‘Dogs and cats are getting into more trouble’: How coronavirus quarantine is affecting your pet

INDIANAPOLIS – A giddy goldendoodle, smiling from curly ear to curly ear, is waiting for his turn in the parking lot of McCordsville Veterinary Hospital, trying to poke his big black nose through the crack in the window of his owner's SUV.

Meanwhile, a sleek black pointer trots out the hospital's front door, his handler toting a bag of medicine to deliver to his mom waiting in the parking lot.

Car after car pulls in, here to get treatments for furry loved ones for issues veterinarians say those pet owners probably didn't notice before.

But as people have been hanging out at home due to the coronavirus pandemic, they are noticing them now.

"They're spending more time with their pets and seeing things. 'You know, he looks a little funny to me. His breath smells a little funny. He's eating funny,'" said Michael Graves, veterinarian, owner and CEO of Indianapolis-based Pet Wellness Clinics. "People tend to be noticing things with their pets a little quicker, things they would have overlooked before."

More fighting, getting into trouble

The good news for animals is they are getting much-needed medical attention, said Anne Browne, an emergency veterinarian at VCA, Advanced Veterinary Care Center in Fishers.

"Some of the chronic problems that people have been putting off getting care for," she said, "they're home, they have time and they're getting some of the care that has been sort of lingering in the pets for weeks and months."

Some of the medical issues veterinarians are seeing, however, are directly related to the COVID-19 quarantine. Anxiety, injuries, more fights.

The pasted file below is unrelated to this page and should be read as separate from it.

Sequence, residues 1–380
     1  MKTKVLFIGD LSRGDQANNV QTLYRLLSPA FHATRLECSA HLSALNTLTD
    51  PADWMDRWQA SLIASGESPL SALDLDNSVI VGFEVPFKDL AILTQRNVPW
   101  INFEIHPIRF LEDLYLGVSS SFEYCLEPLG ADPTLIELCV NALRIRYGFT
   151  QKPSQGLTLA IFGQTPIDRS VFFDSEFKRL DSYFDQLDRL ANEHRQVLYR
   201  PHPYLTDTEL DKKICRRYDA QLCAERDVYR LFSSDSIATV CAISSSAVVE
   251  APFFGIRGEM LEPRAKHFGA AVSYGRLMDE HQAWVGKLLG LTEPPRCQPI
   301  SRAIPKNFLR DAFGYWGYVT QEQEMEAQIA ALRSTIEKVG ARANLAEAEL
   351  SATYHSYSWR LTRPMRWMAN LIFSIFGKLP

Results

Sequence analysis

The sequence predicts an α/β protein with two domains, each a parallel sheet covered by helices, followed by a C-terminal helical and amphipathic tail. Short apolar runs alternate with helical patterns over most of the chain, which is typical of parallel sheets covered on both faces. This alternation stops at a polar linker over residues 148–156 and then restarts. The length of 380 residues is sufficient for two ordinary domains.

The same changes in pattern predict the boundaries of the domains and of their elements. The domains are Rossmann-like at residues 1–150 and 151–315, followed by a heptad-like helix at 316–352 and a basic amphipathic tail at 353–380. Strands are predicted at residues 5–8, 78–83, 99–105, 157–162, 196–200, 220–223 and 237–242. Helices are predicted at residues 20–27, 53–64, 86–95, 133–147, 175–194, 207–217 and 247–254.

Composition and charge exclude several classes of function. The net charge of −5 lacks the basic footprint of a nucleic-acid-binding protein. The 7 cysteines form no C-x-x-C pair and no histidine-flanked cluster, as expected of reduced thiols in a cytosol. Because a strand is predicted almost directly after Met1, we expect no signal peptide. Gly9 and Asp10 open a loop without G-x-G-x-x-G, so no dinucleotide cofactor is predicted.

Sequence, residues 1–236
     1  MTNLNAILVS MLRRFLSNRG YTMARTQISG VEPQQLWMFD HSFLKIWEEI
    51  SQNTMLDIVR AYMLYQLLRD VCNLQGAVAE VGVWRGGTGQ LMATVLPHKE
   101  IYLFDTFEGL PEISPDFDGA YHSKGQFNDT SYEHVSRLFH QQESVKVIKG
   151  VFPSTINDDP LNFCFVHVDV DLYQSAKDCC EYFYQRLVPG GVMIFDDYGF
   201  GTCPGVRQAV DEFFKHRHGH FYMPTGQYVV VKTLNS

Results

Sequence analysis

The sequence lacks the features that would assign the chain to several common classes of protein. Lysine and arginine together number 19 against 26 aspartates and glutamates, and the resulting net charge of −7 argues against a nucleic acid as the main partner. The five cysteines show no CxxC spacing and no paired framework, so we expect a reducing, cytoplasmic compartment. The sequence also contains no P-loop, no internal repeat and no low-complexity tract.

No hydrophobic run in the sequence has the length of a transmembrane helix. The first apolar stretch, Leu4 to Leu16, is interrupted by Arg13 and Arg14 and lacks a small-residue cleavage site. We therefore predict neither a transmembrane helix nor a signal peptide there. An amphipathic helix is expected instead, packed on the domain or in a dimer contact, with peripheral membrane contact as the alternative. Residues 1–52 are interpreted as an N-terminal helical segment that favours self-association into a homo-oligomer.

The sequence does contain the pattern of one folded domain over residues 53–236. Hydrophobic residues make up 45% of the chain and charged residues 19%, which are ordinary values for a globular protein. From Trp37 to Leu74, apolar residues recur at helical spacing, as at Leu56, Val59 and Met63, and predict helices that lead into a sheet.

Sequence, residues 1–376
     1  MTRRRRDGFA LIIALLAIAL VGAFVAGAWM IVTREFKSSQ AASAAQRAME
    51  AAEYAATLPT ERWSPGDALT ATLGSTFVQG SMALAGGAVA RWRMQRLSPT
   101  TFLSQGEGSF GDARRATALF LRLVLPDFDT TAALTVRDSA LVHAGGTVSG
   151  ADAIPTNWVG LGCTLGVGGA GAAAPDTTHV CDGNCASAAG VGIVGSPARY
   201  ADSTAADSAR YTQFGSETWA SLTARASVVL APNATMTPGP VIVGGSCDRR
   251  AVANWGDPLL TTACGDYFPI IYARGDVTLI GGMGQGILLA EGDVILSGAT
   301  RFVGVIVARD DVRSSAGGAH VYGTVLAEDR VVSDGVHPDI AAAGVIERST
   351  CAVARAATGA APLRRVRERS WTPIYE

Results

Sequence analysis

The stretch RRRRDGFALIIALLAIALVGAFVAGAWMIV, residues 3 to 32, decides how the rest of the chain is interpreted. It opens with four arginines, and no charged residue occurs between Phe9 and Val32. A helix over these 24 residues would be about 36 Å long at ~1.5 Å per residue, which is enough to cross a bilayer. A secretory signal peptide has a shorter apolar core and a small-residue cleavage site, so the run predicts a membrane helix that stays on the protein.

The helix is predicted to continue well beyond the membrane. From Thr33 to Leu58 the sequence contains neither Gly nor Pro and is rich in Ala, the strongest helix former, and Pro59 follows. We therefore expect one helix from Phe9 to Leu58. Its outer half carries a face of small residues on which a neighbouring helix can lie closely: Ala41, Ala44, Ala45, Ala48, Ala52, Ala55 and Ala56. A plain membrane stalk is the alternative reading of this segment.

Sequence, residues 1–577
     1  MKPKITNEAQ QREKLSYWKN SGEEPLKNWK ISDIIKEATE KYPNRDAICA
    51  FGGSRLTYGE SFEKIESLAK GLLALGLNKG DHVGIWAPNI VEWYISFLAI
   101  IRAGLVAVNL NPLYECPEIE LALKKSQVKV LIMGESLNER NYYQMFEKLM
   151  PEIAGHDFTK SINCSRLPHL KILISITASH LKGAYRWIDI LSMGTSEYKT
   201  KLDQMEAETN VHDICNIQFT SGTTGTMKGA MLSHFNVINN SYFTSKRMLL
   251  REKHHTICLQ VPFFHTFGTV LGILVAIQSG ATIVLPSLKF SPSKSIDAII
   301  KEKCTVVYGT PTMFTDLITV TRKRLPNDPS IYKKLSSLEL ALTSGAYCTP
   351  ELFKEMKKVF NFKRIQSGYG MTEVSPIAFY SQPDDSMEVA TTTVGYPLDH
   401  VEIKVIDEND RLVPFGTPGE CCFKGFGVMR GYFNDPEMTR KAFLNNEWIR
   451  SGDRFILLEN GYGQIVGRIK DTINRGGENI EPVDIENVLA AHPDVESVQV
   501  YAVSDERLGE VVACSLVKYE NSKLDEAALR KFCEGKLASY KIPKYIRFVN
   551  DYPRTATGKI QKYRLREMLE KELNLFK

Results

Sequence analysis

"Dogs and cats are getting into more trouble," said Browne. "They're not necessarily confined so they're having more things that they can do. People's animals are actually getting in more disagreements."

Beyond that, dogs are out running, jumping and playing with owners in the backyard.

"We are seeing injuries from that," said Randy Cross, medical director and a neurologist at VCA, which features a 24/7 emergency room, adding that beyond the physical health of animals are the mental issues.

After all, pets are being forced to put up with their humans.

Dogs and cats used to having the run of their houses are having to co-habitate all day and night with their owners. As much as they love those scratches and pats, that can be stressful, said Cross.

"There is anxiety in animals because you are changing their entire schedule and environment," he said. "They're used to you going to work and you being away and not being there, but now they're sharing (the house) all day."

That can mess up their sleep patterns and induce unusual behavior. Some animals even act out, using the bathroom outside of the litter box or getting cranky.

"This is all a big change for them, too," Cross said.

Different ways of treating clients

According to the American Veterinary Medical Association, many practices saw revenue decline by an average of 20% in March. However, vets in many places, including Indiana, are now seeing recovery.